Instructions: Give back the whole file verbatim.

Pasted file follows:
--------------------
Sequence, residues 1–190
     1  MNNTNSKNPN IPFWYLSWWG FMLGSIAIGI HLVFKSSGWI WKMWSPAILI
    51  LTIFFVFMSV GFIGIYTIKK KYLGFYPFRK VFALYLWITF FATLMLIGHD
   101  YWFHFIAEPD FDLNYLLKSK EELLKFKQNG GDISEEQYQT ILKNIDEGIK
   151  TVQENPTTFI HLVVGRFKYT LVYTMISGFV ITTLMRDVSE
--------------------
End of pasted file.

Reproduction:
Sequence, residues 1–190
     1  MNNTNSKNPN IPFWYLSWWG FMLGSIAIGI HLVFKSSGWI WKMWSPAILI
    51  LTIFFVFMSV GFIGIYTIKK KYLGFYPFRK VFALYLWITF FATLMLIGHD
   101  YWFHFIAEPD FDLNYLLKSK EELLKFKQNG GDISEEQYQT ILKNIDEGIK
   151  TVQENPTTFI HLVVGRFKYT LVYTMISGFV ITTLMRDVSE